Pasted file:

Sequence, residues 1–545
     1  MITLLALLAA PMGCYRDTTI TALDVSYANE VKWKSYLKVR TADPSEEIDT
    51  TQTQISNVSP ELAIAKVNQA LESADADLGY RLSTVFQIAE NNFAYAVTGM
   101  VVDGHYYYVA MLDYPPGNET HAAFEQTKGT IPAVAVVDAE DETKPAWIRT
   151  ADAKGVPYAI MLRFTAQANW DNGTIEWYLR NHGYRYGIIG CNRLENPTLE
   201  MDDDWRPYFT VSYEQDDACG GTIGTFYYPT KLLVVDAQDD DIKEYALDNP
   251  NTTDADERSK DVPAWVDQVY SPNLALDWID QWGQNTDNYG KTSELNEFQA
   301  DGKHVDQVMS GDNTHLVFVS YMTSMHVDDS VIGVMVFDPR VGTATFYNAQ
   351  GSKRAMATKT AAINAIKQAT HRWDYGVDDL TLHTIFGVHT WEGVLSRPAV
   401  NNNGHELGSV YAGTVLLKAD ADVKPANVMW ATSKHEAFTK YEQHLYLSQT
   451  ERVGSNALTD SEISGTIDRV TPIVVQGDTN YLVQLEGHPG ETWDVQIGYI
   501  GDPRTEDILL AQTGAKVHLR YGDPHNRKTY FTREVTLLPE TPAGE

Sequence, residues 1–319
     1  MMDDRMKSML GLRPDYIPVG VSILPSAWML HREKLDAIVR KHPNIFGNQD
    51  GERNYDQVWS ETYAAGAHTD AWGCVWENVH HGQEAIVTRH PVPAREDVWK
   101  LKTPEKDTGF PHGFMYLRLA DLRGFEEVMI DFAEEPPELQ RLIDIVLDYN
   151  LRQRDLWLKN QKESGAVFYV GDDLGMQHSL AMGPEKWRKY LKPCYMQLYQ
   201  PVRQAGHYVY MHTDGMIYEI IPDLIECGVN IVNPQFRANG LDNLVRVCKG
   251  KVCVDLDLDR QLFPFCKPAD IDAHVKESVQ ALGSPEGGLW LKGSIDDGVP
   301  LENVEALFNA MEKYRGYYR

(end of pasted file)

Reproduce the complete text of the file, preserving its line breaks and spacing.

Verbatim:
Sequence, residues 1–545
     1  MITLLALLAA PMGCYRDTTI TALDVSYANE VKWKSYLKVR TADPSEEIDT
    51  TQTQISNVSP ELAIAKVNQA LESADADLGY RLSTVFQIAE NNFAYAVTGM
   101  VVDGHYYYVA MLDYPPGNET HAAFEQTKGT IPAVAVVDAE DETKPAWIRT
   151  ADAKGVPYAI MLRFTAQANW DNGTIEWYLR NHGYRYGIIG CNRLENPTLE
   201  MDDDWRPYFT VSYEQDDACG GTIGTFYYPT KLLVVDAQDD DIKEYALDNP
   251  NTTDADERSK DVPAWVDQVY SPNLALDWID QWGQNTDNYG KTSELNEFQA
   301  DGKHVDQVMS GDNTHLVFVS YMTSMHVDDS VIGVMVFDPR VGTATFYNAQ
   351  GSKRAMATKT AAINAIKQAT HRWDYGVDDL TLHTIFGVHT WEGVLSRPAV
   401  NNNGHELGSV YAGTVLLKAD ADVKPANVMW ATSKHEAFTK YEQHLYLSQT
   451  ERVGSNALTD SEISGTIDRV TPIVVQGDTN YLVQLEGHPG ETWDVQIGYI
   501  GDPRTEDILL AQTGAKVHLR YGDPHNRKTY FTREVTLLPE TPAGE

Sequence, residues 1–319
     1  MMDDRMKSML GLRPDYIPVG VSILPSAWML HREKLDAIVR KHPNIFGNQD
    51  GERNYDQVWS ETYAAGAHTD AWGCVWENVH HGQEAIVTRH PVPAREDVWK
   101  LKTPEKDTGF PHGFMYLRLA DLRGFEEVMI DFAEEPPELQ RLIDIVLDYN
   151  LRQRDLWLKN QKESGAVFYV GDDLGMQHSL AMGPEKWRKY LKPCYMQLYQ
   201  PVRQAGHYVY MHTDGMIYEI IPDLIECGVN IVNPQFRANG LDNLVRVCKG
   251  KVCVDLDLDR QLFPFCKPAD IDAHVKESVQ ALGSPEGGLW LKGSIDDGVP
   301  LENVEALFNA MEKYRGYYR